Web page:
Mastering the Art of Facilities Maintenance

managing time and resources effectively

Who’s your heat guy/ gal

Years ago, companies hired maintenance staff to handle the ins/ outs of routine maintenance, perform preventive maintenance, and occasionally call in contractors for specialty trades like electrical, vertical transportation, plumbing, and HVAC among others.
Contractors would develop one-on-one relationships with maintenance staff and directors, and the technicians performing these services would often form friendships with the maintenance directors and engineers they served. Occasionally these friendships turned into collusion and price-fixing but more often they simply became a way for the contractor and the customer to develop a trust-system where the contractor would teach maintenance staff how to better maintain their systems, and thereby provide assurance that when the contractor was called- both parties understood that the contractor would not overcharge for service, and that the maintenance staff would not abuse the relationship.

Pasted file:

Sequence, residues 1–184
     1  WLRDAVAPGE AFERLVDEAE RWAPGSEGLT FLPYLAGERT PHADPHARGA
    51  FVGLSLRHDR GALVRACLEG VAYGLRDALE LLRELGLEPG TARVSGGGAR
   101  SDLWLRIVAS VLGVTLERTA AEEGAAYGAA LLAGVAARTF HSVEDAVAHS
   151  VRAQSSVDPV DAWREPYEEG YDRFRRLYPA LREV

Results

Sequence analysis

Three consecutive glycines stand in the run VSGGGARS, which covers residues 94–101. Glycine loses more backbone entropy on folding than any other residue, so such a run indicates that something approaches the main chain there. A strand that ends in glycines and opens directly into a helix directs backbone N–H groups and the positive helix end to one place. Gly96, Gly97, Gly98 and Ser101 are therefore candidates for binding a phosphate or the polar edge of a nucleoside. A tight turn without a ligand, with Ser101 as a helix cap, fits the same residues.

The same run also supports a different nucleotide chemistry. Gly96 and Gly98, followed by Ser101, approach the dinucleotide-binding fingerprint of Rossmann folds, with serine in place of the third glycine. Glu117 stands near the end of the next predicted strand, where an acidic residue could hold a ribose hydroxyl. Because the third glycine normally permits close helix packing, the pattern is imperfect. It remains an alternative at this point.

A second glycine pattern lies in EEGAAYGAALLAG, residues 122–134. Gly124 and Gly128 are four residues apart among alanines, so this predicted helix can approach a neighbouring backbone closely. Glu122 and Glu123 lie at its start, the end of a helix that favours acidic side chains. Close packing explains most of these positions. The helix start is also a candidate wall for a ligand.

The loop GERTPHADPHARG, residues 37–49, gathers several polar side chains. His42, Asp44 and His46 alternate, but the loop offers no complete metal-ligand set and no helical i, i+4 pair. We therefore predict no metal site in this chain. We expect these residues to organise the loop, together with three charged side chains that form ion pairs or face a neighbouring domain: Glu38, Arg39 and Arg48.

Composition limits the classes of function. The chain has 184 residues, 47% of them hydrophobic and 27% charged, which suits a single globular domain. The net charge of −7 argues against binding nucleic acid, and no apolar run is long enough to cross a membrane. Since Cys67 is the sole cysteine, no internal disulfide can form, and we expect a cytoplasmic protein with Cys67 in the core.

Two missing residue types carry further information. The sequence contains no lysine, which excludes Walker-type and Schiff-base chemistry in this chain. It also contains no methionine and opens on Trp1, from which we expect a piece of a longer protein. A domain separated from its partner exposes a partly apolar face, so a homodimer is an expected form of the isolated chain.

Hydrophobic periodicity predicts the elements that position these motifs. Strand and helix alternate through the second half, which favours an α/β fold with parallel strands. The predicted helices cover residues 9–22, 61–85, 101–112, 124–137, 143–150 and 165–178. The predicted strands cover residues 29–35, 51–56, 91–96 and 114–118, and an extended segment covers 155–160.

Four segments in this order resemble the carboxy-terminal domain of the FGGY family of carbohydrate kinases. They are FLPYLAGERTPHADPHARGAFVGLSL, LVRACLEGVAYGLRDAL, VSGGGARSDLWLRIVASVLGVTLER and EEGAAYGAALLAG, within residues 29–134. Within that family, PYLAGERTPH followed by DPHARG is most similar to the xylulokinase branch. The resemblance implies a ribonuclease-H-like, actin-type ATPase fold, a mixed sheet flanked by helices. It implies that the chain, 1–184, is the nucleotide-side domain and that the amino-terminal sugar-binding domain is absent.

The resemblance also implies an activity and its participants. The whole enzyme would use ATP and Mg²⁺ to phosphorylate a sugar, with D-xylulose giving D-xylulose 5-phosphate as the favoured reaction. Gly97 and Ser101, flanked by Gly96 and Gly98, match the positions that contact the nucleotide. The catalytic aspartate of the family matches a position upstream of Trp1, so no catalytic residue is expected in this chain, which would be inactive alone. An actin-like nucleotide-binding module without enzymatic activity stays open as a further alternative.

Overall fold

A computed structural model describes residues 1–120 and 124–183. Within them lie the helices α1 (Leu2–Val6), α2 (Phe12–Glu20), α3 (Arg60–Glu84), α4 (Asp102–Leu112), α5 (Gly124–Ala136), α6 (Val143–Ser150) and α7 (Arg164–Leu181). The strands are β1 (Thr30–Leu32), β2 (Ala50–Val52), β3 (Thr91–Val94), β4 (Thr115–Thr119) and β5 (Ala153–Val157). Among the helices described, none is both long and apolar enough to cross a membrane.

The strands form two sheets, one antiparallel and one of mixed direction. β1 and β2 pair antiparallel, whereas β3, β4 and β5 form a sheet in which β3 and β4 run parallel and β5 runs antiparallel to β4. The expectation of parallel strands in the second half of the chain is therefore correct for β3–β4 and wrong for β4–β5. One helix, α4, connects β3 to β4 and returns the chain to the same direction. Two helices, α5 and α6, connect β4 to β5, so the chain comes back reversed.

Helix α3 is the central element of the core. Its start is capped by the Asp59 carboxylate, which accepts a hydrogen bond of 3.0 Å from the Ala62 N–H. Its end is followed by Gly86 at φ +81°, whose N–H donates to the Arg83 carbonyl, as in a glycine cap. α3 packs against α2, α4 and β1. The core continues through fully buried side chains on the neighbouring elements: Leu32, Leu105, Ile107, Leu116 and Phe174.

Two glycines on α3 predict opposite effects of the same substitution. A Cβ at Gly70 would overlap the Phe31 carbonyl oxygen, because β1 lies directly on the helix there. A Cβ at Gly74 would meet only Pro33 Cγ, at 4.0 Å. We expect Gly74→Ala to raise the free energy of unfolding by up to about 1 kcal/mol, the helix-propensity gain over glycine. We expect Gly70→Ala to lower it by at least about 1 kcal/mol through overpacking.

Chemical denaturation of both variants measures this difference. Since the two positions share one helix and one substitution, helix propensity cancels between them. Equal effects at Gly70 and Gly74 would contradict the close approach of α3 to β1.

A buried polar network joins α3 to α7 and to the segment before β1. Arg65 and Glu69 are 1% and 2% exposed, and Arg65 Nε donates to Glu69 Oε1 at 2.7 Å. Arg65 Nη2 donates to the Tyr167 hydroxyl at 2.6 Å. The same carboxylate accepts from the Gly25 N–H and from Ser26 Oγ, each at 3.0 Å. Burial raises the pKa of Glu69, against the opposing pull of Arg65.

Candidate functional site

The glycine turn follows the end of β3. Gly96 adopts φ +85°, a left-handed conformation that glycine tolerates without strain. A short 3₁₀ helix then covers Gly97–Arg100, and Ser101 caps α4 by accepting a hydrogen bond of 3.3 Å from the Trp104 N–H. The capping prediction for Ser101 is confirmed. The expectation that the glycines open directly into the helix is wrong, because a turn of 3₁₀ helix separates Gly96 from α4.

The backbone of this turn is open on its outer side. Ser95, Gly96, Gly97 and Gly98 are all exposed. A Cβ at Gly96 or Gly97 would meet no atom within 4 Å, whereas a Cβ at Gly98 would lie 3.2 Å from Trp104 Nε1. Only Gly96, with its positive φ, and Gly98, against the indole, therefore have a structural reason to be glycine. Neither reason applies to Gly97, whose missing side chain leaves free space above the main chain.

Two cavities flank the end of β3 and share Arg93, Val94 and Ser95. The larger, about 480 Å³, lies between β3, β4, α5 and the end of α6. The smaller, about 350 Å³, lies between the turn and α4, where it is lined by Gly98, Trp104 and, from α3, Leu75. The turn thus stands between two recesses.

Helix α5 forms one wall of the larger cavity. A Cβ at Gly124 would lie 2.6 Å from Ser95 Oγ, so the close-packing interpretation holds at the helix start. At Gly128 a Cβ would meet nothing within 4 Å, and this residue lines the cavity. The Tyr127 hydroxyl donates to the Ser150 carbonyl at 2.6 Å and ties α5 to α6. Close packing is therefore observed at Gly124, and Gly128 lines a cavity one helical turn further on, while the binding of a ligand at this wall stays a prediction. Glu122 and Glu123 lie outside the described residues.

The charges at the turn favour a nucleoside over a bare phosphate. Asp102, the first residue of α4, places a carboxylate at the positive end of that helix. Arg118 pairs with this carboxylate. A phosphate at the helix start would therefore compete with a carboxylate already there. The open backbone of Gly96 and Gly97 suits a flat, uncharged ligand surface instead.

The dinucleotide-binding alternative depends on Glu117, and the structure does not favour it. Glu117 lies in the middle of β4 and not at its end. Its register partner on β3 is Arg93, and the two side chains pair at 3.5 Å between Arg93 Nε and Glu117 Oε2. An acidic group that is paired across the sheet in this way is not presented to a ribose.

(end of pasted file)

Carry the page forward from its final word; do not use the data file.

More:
However, with an ever-evolving world of new technology, trends in outsourcing, and budget constraints- many times there is no maintenance staff onsite, and the technicians lose that personal sense of contact.
So I guess, the question is- how do you develop a relationship, and a “trust-system” when a service tech is simply responding to a site, opening a door with a key fob, and working on equipment for a faceless client?
A couple of ways I have found some success is to communicate frequently through email- and to be active in social media. My twitter account gives my customers (and potential customers) a chance to communicate with me on a regular basis, and develop a “friendship” that gives them a sense of security about having me service their equipment.
My customer can get to know me, find out what sports I like, who my “driver is” and have a sense of not just what I do, but who I am.

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February 15, 2010 - Posted by | Uncategorized | , , , ,

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